Archive for the ‘Missouri’ Category

KC attorney wants equal justice for judges discipline process

October 25, 2013


Frustrated by the secretive way the state of Missouri deals with complaints against judges, Kansas City attorney Michelle Puckett is calling for transparency and revealing the contents of two complaints filed against 43rd judicial circuit court judge Brent Elliot.

When most citizens stand before a judge, the proceedings happen in open court. Judges are treated differently; with closed-door hearings in front of a six-member Commission on Retirement, Removal and Discipline. The only time this panel can make details of these cases public as after misconduct is found or a judge under investigation gives the commission permission to talk. It is a process Puckett says is long overdue for change.

“I don’t think any type of secrecy in something this important, confidence in our judicial system, should ever be tolerated,” Puckett said. “It should be open. It should be public. And I, as a complainant, should have the right to review. It’s an important issue.”

Puckett’s strong feelings stem from her experiences with two separate complaints filed against Elliot.
The first followed a strange exchange made during an otherwise ordinary divorce court proceeding in January 2012. According to the transcript, opposing council Stephen Griffin asked Elliot to allow a last-minute witness.

Puckett objected saying, “this young lady was not listed as a witness.”

Griffin responded, “I wanted to see what she looked like to see if this was somebody that the guy would want to spend all his time with.”

“Good call,” Elliot said.

The judge overruled Puckett’s objection and allowed the witness to testify.

Offended by that comment, Puckett’s client decided to file a complaint against Elliot for sexist behavior. Puckett says she knew nothing about the complaint.

Full Article and Source:
KC attorney wants equal justice for judges discipline process

Former CFO, lawyer plead in St. Louis pre-arranged funeral fraud case

July 16, 2013

ST. LOUIS • Two more defendants involved in what prosecutors have called a “Ponzi-like” pre-arranged funeral scam that could cost $600 million pleaded guilty Tuesday to federal charges.
The former chief financial officer of National Prearranged Services, Randall K. Sutton, 67, of Chesterfield, pleaded guilty to charges of bank fraud, mail fraud, money laundering and insurance fraud.

A few hours later, the company’s former lawyer, Howard A. Wittner, 76, of Chesterfield, pleaded guilty to two counts of making false statements intended to deceive insurance regulators, and to willfully permitting a felon to engage in the insurance business.

Wittner admitted lying to state regulators and concealing the source of money used to buy a medical malpractice insurer. The third count refers to former owner, James “Doug” Cassity, a convicted felon.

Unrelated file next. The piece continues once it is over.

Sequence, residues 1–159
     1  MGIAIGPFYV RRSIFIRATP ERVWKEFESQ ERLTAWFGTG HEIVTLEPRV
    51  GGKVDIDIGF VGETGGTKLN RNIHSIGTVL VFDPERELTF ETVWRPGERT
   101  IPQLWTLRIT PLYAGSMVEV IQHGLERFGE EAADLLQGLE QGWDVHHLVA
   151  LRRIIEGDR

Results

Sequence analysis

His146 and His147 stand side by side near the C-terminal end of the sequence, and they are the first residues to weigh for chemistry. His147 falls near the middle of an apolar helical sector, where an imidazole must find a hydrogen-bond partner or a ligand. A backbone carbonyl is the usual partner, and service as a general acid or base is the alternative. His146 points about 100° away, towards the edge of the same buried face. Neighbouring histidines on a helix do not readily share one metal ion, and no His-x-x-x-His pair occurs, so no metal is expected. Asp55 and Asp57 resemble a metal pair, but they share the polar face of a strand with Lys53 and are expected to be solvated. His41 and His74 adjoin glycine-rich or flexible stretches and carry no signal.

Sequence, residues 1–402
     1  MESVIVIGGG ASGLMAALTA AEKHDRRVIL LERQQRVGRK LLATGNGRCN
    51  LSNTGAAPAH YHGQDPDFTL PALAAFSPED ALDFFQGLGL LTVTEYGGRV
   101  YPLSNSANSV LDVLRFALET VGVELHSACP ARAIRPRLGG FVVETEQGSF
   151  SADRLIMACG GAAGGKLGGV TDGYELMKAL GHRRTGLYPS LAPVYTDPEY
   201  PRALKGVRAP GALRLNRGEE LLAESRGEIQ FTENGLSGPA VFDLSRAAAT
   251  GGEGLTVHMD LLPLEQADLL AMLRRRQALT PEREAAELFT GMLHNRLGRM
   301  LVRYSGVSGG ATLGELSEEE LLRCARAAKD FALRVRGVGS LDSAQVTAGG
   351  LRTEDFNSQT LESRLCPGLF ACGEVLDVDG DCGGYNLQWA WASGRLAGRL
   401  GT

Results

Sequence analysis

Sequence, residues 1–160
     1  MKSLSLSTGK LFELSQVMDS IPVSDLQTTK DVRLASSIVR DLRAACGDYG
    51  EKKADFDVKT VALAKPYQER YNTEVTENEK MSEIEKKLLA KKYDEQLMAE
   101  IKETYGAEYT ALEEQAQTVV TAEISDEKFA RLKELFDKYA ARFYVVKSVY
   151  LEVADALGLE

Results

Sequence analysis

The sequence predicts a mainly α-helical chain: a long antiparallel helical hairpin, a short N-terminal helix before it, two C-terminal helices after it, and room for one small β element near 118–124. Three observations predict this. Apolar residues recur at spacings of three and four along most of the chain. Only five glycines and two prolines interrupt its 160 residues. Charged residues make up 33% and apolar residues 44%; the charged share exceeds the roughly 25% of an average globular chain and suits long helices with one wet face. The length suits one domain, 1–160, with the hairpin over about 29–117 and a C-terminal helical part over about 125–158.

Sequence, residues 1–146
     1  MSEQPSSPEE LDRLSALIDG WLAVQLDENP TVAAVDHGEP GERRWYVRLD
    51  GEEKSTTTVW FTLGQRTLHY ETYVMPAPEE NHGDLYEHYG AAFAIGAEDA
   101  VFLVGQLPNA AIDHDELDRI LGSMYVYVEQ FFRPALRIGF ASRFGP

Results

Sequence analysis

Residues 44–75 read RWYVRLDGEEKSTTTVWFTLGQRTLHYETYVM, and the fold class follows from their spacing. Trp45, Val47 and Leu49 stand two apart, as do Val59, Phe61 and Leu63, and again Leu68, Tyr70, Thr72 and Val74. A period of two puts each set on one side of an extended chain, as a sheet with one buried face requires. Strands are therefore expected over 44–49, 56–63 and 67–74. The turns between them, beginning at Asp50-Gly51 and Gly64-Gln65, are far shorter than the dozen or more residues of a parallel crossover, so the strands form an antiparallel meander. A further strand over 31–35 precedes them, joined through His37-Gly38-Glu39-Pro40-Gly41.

Under the plea deal with prosecutors, Sutton faces up to seven years in prison, and Wittner faces up to five years when sentenced Nov. 7.

The pleas leave one remaining defendant, former investment adviser David R.

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Former CFO, lawyer plead in St. Louis pre-arranged funeral fraud case

Preliminary hearing set in financial crime case

July 11, 2013

FORSYTH — A preliminary trial has been set for a man facing charges for financial crimes and theft.

Kent Tangeman, 55, of Branson, is scheduled for a preliminary hearing for two counts of financial exploitation of an elderly person, class A felonies, and one count of stealing property more than $25,000, a class B felony, according to Missouri court records.

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Preliminary hearing set in financial crime case

Former Jasper County Official Sentenced for Document Fraud

June 24, 2013

A former public administrator of Jasper County, Missouri was sentenced in federal court today for document fraud, which was part of a scheme in which she illegally obtained federal benefits for her public wards.

Springfield, MO – infoZine – Rita Frances Hunter, 60, of Joplin, Missouri, was sentenced by U.S. District Judge Dean Whipple to 12 months and a day in federal prison without parole. The court also ordered Hunter to pay $120,000 in restitution to the Department of Health and Human Services. Hunter must report on August 1, 2013, to begin serving her prison sentence.

“This elected official betrayed the public trust and defrauded the government,” Dickinson said. “The citizens of Jasper County deserve to have honest public servants who fulfill their civic obligations lawfully, and in this case, they deserved better.”

Hunter, who pleaded guilty to document fraud on November 6, 2012, was the elected public administrator for Jasper County from January 1, 2005 to December 31, 2008.

Full Article and Source:
Former Jasper County Official Sentenced for Document Fraud

See Also:
Civil Suits Against Rita Hunter Pending

A Judge a Little More Than a Week, and Then OD’d

May 25, 2013

A former longtime prosecutor who died at the cabin of a fellow southwestern Illinois judge now under federal investigation succumbed to a cocaine overdose, a coroner announced Friday.